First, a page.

The Orange County Board of Commissioners has joined in on current national litigation regarding the opioid epidemic after a briefing on the subject at a meeting last week.
Attorney Amy Quezon from McHugh Fuller Law Group in Mississippi is a part of a group effort from five law firms around the country creating litigation against opioid manufactures and distributors.
“You can’t watch the news anymore without knowing what’s going on in our country,” Quezon said of the opioid crisis. “Particularly hard hit have been the Appalachian areas and the rural south. In North Carolina alone, in 1999 there were 150 opioid related deaths, in 2016 that number was over 1,500.”
Quezon says wealthy distributors and manufacturers are ultimately responsible.
“Our basic premise is that the manufacturers and the wholesale distributors of the opioids knew exactly what was happening. They were in the best position to know how many pills were being funneled, and flooding really, into our cities and into our counties,” said Quezon. “Under the controlled substance act, they had a duty that if they saw suspicious orders, that they were to immediately stop the shipment and to alert the DEA of the suspicious orders, such that unethical doctors, these pill mills, black-market pills that were being sold, could be investigated and stopped. What we found is that they simply did not alert the DEA into any suspicious orders for year after year after year and now here we are.”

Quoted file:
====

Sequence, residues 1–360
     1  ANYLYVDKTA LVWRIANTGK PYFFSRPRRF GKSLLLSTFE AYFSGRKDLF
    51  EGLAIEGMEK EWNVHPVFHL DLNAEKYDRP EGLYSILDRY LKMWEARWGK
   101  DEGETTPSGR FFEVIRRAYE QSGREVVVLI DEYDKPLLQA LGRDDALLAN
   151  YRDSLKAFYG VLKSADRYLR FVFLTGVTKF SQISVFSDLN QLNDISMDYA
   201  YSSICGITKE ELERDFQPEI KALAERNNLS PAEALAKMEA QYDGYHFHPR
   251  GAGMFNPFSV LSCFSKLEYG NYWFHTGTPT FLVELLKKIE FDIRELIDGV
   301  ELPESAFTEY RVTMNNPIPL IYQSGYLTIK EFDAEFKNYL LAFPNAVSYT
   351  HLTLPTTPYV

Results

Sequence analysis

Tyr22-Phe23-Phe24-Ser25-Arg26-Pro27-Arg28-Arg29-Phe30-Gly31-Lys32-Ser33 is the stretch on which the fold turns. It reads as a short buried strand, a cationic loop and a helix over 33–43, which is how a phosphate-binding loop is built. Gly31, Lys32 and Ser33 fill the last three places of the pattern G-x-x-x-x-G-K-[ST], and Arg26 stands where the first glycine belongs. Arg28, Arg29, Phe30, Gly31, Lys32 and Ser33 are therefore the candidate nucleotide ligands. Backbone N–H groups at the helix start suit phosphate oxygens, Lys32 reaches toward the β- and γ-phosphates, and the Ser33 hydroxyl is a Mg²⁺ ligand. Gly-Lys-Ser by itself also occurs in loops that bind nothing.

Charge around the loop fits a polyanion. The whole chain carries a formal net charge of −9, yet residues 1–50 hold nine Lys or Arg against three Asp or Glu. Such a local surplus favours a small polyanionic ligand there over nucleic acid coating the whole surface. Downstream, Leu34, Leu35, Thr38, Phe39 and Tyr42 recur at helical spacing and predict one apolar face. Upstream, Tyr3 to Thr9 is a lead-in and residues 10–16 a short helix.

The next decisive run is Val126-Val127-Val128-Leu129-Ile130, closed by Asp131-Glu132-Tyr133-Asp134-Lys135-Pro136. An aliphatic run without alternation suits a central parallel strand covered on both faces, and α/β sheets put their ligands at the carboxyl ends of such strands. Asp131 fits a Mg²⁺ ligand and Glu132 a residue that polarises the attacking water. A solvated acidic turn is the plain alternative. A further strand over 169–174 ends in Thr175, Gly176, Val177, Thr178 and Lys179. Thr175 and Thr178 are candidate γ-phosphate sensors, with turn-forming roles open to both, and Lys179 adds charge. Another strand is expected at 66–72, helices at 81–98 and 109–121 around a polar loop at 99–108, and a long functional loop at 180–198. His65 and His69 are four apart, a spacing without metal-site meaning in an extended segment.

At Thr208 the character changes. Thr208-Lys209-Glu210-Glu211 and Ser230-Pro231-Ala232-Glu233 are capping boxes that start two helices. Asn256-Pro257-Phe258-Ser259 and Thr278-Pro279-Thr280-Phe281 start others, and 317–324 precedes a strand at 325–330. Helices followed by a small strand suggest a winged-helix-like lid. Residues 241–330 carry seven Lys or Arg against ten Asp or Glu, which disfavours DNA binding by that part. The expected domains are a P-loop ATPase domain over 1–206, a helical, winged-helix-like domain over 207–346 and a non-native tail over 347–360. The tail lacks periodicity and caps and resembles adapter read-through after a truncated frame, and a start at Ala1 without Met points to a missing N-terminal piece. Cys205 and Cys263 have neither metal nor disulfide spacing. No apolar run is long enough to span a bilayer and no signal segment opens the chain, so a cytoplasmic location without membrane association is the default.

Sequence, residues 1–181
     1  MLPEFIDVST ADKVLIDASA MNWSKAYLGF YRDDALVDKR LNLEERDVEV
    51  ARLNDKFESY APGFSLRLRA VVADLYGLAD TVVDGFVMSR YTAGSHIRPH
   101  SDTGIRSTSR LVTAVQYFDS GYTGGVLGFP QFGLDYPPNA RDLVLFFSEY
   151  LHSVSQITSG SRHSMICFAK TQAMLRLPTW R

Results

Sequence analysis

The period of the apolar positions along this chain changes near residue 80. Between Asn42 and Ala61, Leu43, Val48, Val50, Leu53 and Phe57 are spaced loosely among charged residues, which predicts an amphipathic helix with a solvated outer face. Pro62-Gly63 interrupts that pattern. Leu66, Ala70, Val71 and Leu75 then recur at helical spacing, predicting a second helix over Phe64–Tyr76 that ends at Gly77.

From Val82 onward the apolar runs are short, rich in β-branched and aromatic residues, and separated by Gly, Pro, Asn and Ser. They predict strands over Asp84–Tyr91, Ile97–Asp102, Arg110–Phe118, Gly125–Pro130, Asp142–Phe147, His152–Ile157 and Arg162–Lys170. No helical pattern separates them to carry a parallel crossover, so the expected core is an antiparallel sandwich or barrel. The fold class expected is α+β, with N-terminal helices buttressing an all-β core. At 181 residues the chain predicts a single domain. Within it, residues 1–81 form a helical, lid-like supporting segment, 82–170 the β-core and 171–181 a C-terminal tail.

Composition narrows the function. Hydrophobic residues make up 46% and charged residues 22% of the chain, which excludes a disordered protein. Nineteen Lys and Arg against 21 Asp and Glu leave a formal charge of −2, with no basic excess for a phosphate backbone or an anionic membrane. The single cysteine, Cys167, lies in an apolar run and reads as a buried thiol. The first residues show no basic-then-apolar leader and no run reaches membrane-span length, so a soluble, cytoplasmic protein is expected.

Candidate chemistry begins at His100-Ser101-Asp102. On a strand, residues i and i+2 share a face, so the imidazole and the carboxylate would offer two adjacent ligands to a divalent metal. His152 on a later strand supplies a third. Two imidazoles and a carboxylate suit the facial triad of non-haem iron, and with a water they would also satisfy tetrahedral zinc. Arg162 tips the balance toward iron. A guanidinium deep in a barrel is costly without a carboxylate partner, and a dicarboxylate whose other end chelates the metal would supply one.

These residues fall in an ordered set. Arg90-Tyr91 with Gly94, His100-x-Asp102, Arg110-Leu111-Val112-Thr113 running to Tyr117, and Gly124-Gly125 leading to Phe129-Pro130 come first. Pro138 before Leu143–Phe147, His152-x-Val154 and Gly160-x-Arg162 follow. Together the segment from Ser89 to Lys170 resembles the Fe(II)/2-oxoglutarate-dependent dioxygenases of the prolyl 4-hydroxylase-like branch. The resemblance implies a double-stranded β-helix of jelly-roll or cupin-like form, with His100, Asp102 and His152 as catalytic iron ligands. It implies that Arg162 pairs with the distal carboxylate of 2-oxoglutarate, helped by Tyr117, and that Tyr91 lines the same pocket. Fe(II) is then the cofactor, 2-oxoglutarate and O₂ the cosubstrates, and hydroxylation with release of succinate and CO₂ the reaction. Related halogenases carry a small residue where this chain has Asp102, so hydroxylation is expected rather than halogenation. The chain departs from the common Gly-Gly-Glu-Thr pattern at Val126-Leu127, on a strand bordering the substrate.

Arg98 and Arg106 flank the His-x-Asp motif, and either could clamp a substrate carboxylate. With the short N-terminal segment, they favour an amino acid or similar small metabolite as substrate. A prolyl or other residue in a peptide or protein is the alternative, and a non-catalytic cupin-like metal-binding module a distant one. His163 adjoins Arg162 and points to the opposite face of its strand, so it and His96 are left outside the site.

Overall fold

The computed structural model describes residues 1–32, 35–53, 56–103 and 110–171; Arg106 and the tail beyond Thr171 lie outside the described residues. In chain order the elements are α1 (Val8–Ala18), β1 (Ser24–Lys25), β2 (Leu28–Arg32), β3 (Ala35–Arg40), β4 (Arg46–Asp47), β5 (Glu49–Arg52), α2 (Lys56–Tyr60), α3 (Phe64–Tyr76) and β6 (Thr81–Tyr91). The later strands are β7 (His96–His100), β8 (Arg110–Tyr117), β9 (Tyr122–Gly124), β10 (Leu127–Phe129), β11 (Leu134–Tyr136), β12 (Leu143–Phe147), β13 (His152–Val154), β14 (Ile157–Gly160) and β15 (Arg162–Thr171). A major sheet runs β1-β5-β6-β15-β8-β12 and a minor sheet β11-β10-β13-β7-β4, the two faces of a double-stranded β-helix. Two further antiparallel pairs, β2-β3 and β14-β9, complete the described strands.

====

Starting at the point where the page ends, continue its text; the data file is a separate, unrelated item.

Over 200 counties and municipalities around the country, and now 16 in North Carolina, have joined in on an MDL, a consolidation of individual lawsuits with different damages, like negligence and public nuisance, but have been grouped all together due to their similarities.
The five law firms create personalized damage models for counties involved that include three steps: educating on the dangers of pills, law enforcement protection and treatment for addicts and infants born with addiction.
Quezon says there is no charge to Orange County to join in on the litigation even if the lawsuit is unsuccessful and possible settlements would be given to the board for damages.
“Whatever recovery would come, if there is a settlement for instance, that would be up to the commission, to you, the board of commissioners, to where the money would be best spent, in again, education, law enforcement, treatment, that sort of thing,” said Quezon.
County officials confirmed after the closed session last Tuesday that commissioners agreed to join in on the litigation.